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Community Roots: Selections from the Local Legacies Project
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Donald Robinson dresses slate, Oct. 1999
Donald Robinson dresses slate, October 1999 Photo: Janet I. Fulcher

Delta & Cardiff Heritage Festival

A day-long festival celebrating the culture and heritage of the Scots-Irish and Welsh settlers of southeastern York County. The area encompasses the borough of Delta and, to the immediate south across the Mason-Dixon line, the community known as Cardiff, in Harford County, Maryland.

In 1734, the first white settlers, Scots-Irish, came to settle in the region in southeastern Pennsylvania inhabited by the Susquehannock Indians. The agricultural lifestyle favored by the settlers manifests itself today in the farms, fields and livestock that dot the county, and its annual harvests of peaches, apples, pears, and grapes. But the yield of the soil was not found only in crops and livestock, but in slate, the hard, flat grey stone that was unearthed with every turn of the shovel. Commercial production of slate, primarily for the purpose of roofing materials, began about 1785, employing Welsh immigrants to Delta. The strong influence of the slate industry on the town can be found in Delta's sidewalks, fenceposts, foundations, roofs, window sills, mantlepieces, steps and gutters.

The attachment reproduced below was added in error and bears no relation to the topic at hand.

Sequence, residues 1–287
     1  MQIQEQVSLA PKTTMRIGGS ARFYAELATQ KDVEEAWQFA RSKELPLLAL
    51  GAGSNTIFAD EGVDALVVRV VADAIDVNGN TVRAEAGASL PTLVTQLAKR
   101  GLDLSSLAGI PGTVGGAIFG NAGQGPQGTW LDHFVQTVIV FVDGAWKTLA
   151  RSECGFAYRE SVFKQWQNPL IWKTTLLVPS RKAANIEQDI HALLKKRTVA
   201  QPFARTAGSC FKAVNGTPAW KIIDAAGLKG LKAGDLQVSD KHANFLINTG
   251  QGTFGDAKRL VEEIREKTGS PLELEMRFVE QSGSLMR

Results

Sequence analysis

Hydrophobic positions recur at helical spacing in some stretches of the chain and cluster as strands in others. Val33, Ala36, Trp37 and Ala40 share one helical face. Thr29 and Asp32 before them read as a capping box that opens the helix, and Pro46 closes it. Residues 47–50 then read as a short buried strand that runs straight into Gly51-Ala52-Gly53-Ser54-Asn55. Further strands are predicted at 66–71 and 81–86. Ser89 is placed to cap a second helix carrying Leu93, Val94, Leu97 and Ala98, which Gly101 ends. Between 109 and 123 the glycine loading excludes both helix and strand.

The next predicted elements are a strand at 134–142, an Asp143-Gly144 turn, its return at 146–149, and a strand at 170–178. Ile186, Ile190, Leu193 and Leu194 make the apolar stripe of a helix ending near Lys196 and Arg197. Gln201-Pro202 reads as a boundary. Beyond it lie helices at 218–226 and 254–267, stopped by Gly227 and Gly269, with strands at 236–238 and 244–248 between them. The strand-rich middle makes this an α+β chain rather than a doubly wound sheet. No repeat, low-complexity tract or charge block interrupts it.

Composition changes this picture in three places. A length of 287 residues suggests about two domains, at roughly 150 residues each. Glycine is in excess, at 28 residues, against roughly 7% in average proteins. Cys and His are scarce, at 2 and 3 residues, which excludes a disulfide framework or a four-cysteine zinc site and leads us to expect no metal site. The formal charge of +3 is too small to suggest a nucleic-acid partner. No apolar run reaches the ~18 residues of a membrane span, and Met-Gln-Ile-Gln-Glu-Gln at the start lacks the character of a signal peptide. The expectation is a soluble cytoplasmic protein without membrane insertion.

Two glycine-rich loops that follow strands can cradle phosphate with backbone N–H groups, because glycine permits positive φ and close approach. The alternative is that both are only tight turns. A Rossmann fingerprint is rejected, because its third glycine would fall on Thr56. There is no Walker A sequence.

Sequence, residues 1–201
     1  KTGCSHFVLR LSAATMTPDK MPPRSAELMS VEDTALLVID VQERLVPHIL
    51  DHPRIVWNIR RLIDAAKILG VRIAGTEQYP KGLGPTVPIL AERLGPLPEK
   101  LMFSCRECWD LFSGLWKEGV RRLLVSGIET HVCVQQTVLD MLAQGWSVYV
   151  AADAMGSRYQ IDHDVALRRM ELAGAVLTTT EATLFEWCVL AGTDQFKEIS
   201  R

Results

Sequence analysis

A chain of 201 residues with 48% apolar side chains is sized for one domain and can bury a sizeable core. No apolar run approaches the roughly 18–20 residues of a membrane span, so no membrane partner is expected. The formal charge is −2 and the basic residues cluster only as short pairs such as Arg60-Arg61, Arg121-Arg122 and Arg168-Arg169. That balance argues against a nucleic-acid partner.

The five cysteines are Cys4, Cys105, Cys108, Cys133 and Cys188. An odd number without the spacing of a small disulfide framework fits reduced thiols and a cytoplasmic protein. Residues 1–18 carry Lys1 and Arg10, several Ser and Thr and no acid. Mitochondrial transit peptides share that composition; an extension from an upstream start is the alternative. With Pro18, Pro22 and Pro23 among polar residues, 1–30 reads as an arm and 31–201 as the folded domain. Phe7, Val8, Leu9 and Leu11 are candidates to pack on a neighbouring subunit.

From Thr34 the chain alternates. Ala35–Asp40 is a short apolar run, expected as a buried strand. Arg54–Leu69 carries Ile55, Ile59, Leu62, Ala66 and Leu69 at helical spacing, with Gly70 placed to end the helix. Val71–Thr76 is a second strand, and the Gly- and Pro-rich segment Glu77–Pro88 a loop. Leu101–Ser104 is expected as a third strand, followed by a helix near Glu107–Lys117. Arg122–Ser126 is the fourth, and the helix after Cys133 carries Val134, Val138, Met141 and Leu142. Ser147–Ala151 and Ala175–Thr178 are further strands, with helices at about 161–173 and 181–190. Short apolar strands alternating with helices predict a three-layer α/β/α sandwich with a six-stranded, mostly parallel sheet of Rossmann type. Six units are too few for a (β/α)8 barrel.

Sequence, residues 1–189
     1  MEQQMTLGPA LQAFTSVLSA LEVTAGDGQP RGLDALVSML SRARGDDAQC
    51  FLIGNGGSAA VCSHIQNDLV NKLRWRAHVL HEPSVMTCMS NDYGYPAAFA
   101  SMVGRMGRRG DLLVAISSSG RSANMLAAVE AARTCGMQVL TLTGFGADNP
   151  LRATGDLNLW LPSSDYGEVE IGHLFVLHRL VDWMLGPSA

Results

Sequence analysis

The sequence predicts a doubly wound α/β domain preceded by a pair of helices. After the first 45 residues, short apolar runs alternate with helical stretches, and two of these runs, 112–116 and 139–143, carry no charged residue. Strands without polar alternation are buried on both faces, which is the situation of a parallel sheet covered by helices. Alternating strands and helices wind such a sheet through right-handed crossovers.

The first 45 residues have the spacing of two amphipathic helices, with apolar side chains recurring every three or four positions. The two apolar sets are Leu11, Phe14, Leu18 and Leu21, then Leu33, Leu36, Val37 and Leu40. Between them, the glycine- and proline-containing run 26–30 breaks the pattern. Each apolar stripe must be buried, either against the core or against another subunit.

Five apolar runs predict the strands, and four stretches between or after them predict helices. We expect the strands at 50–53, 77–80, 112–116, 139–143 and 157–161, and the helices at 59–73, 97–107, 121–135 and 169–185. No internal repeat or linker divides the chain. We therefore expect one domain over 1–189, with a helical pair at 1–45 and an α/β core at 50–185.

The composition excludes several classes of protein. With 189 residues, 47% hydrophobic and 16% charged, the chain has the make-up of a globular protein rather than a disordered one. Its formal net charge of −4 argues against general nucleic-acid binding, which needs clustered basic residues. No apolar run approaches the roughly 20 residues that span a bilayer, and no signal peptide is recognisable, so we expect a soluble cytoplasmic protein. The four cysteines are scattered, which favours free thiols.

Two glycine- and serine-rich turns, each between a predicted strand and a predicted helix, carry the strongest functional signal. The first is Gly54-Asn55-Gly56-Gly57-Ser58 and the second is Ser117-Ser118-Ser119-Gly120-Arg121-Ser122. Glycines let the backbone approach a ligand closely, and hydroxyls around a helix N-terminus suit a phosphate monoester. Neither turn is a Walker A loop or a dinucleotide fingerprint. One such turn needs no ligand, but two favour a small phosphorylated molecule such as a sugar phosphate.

Transportation was essential to hasten the region's economic development. The Susquehanna River; the Susquehanna and Tidewater Canal (built 1839) that stretched the 45 miles from Columbia, Pennsylvania, to Havre de Grace, Maryland; the narrow gauge line railroad that stretched between Delta and Baltimore (started 1864) -- all contributed to the area's growth. This and much of Delta's history is preserved in the town's Old Line Museum, which presents a rich display of local artifacts and treasures each year at the Festival.

The annual Delta & Cardiff Heritage Festival endeavors to highlight a blend of the community's past and present. Guests are invited to enjoy performances of song and instrument, storytelling and crafts, displays of antique vehicles and farm machinery, exhibitions of splitting and dressing slate. There are games and a petting zoo for the children. Festival attendees are asked for a donation of food or a personal-care item which serves as a admission ticket; donated items go to a local charity organization.

Project documentation includes a five-page report, Festival mission statement, and twenty 8 x 10 color photographs with descriptions.

Originally submitted by: William F. Goodling, Representative (19th District).

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The Local Legacies project provides a "snapshot" of American Culture as it was expressed in spring of 2000. Consequently, it is not being updated with new or revised information with the exception of "Related Website" links.

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